- The Washington Times - Tuesday, February 14, 2017

The resignation of White House National Security Adviser Michael Flynn has thrust into the spotlight another key member of President Trump’s inner circle: White House Counsel Don McGahn.

The White House confirmed Tuesday that then-acting Attorney General Sally Yates notified Mr. McGahn on Jan. 26 that Mr. Flynn likely misled senior administration officials about the nature of his communications with Russia’s ambassador to the U.S. about sanctions. She warned the White House counsel that Mr. Flynn might be vulnerable to blackmail.

Mr. McGahn told the president “immediately,” said White House press secretary Sean Spicer, setting in motion an internal review that ended with Mr. Flynn’s resignation Monday night.

“The White House counsel reviewed and determined that there is not an illegal issue, but rather a trust issue,” Mr. Spicer said.

It was the second high-profile dilemma of Mr. Trump’s month-old presidency, and Mr. McGahn was heavily involved in both. The president’s top lawyer also had an important role in preparing the administration’s executive action on extreme vetting of migrants, which was blocked by federal judges amid criticism of a disjointed rollout.

Former Obama White House ethics czar Norm Eisen said on Twitter that the two “biggest Trump debacles so far were both in WH Counsel McGahn’s wheelhouse.” MSNBC “Morning Joe” host Joe Scarborough said the “knives are out” for Mr. McGahn’s job as well.

“Other questions will and should be asked about what McGahn has done to enforce ethics rules,” Harvard Law School professor Jack Goldsmith said in a blog post. “Ethics compliance is one of the White House Counsel’s primary responsibilities. The multiple ethics problems swirling around the White House are squarely McGahn’s responsibility.”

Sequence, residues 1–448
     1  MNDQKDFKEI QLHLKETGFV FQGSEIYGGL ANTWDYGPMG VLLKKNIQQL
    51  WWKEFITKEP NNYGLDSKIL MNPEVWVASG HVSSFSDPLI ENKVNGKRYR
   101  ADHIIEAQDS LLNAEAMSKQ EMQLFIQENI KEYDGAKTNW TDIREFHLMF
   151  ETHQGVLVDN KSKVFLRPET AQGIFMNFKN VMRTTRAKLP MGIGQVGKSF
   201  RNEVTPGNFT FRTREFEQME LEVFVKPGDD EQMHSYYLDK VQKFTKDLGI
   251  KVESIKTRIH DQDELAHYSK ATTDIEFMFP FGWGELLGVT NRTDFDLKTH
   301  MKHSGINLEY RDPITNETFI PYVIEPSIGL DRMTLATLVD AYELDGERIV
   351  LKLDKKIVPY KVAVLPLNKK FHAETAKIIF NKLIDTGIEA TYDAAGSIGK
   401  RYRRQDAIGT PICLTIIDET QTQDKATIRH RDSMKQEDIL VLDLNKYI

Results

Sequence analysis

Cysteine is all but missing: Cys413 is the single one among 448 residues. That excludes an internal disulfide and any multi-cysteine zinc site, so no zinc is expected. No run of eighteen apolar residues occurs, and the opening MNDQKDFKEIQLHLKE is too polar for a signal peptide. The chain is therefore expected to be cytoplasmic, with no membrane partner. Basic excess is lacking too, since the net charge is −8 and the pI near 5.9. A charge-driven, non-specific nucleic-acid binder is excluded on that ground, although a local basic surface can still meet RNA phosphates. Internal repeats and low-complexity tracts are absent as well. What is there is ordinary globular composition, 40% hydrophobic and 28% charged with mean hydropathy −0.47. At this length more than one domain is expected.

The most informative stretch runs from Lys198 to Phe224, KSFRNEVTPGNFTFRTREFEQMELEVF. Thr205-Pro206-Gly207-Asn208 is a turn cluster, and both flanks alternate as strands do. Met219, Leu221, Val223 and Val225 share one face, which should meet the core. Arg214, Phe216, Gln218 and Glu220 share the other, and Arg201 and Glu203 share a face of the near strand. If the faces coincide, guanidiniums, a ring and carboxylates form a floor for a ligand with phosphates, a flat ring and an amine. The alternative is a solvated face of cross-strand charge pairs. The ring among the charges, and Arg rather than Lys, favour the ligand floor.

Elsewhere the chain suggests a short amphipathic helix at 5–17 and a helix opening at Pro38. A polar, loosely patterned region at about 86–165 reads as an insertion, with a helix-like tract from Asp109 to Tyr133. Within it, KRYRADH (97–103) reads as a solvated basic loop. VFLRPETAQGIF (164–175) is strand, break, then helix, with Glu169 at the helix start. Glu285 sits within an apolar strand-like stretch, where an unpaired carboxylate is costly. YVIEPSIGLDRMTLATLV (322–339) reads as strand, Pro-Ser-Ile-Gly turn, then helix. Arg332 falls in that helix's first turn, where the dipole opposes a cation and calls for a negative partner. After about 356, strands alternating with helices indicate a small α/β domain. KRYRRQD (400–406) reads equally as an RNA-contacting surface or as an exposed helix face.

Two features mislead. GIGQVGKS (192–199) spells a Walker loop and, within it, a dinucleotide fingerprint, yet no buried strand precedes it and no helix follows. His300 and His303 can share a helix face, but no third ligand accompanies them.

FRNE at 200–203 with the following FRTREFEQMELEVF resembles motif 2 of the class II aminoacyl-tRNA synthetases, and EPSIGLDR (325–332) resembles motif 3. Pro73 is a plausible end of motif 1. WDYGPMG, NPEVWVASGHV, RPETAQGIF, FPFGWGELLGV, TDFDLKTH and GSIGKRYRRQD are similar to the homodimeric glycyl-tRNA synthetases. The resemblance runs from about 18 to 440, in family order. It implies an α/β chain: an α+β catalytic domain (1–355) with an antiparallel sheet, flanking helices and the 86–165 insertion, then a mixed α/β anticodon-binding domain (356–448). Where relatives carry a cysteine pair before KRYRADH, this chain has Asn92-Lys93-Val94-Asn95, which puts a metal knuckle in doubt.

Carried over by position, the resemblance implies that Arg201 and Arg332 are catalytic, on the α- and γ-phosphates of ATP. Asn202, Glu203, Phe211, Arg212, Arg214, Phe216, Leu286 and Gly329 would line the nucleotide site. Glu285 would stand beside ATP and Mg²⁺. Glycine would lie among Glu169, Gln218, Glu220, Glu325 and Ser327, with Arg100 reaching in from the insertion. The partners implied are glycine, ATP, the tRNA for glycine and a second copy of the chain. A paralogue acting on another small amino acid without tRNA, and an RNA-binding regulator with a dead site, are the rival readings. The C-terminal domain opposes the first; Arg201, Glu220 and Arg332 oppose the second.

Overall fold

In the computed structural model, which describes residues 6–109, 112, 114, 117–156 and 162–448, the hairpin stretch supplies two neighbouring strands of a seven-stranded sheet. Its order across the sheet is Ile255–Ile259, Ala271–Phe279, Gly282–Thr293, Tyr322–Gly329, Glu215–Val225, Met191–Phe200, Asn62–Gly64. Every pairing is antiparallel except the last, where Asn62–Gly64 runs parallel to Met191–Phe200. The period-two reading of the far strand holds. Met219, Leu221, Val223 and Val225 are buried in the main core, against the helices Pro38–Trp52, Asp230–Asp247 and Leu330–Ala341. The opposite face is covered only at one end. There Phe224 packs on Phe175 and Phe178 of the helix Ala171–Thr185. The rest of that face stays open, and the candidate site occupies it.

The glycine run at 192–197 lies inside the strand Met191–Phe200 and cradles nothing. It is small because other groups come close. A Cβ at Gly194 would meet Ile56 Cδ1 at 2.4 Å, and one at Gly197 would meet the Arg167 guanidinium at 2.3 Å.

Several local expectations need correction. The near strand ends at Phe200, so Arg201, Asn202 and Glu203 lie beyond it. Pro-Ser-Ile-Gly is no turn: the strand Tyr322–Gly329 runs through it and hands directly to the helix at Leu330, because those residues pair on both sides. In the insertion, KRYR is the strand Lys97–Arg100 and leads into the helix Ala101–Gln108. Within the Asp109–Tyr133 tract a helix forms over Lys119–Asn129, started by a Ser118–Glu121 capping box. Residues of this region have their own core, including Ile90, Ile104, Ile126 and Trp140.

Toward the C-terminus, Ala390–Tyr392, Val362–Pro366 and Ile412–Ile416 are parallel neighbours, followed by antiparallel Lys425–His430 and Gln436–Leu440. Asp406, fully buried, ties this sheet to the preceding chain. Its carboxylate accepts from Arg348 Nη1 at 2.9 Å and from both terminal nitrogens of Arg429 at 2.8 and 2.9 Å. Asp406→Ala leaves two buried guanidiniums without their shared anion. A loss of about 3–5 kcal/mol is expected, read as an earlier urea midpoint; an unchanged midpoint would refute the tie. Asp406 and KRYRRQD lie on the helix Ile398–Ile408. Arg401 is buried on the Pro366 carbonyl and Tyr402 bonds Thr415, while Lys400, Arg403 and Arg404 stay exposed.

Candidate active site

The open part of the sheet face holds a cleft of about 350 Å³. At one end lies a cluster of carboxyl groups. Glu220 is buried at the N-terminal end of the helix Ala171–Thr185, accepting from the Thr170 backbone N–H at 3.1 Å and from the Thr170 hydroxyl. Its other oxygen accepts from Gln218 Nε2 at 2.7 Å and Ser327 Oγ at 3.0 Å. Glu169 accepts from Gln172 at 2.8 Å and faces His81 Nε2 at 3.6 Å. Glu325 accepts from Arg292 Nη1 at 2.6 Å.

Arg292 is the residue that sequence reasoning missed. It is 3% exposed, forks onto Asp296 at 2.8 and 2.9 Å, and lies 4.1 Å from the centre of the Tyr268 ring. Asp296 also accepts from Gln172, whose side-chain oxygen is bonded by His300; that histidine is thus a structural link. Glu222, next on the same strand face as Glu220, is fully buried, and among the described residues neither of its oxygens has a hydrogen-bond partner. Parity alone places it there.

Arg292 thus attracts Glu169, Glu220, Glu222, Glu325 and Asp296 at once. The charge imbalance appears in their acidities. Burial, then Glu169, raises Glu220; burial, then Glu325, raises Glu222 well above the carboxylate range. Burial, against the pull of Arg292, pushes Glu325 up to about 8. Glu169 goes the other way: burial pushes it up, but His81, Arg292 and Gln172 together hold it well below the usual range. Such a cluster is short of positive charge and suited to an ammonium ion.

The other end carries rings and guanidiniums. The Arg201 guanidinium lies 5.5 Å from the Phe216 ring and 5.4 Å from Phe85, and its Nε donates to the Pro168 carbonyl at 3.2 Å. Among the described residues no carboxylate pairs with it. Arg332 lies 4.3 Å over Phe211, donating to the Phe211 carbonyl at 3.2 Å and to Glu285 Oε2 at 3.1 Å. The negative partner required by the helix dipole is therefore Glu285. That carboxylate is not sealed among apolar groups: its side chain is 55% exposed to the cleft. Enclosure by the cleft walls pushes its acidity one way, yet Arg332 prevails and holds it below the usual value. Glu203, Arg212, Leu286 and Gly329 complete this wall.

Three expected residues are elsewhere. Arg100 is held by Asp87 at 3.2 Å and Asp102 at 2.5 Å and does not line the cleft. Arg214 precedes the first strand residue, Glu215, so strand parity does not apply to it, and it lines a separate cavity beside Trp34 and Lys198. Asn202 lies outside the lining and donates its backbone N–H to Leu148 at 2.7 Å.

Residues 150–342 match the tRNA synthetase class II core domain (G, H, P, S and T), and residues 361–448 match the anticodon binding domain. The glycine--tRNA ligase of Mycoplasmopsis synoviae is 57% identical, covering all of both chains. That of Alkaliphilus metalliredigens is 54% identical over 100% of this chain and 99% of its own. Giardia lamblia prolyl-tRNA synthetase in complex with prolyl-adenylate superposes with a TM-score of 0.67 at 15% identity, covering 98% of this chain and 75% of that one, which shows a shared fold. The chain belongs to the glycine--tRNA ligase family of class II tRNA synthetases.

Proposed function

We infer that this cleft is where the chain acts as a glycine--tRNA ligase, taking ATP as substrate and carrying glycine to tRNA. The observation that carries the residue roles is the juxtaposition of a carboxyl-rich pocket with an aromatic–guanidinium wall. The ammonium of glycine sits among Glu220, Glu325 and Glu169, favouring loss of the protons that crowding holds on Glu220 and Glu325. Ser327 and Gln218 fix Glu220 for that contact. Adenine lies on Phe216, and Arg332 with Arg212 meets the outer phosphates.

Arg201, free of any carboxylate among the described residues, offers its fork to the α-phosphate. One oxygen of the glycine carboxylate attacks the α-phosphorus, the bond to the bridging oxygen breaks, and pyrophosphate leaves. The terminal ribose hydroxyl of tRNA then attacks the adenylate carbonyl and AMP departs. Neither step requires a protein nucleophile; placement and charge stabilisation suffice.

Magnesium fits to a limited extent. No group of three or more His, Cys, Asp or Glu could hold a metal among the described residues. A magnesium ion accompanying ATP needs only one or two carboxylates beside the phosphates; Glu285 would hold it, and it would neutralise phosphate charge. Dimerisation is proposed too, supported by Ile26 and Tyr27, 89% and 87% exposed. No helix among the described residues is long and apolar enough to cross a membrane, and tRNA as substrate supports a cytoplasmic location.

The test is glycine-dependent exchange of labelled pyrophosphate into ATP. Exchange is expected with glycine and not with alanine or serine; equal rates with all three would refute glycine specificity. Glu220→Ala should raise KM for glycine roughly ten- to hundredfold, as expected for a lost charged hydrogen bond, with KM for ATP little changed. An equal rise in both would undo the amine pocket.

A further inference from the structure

Until now, Mr. McGahn, 48, hadn’t attracted much attention outside Washington. The former Federal Election Commission chairman and part-time bass player is known as an aggressive advocate for his clients, and whose early loyalty to Mr. Trump during the Republican primary was ultimately rewarded with one of the most important jobs in any administration.

From 2008 to 2013 Mr. McGahn served as a commissioner at the FEC, where he led efforts for more open deliberations at the agency and worked to block campaign finance investigations that he believed were examples of government intrusion. Democrats accused him of backing off election law enforcement.

Mr. McGahn also worked for nearly 10 years as an election lawyer at the National Republican Congressional Committee.

His clients have included former House Majority Leader Tom DeLay, the Texas Republican who resigned in 2006 under indictment for money laundering in a campaign finance case but was ultimately vindicated after lengthy appeals; former Rep. Bob Ney, an Ohio Republican convicted in the Jack Abramoff lobbying scandal; and former Rep. Aaron Schock, Illinois Republican, indicted on charges of misspending campaign money.

Prior to joining Mr. Trump’s campaign team in 2015, Mr. McGahn worked at the law firm Jones Day, and had a reputation for mastering every facet of election law.

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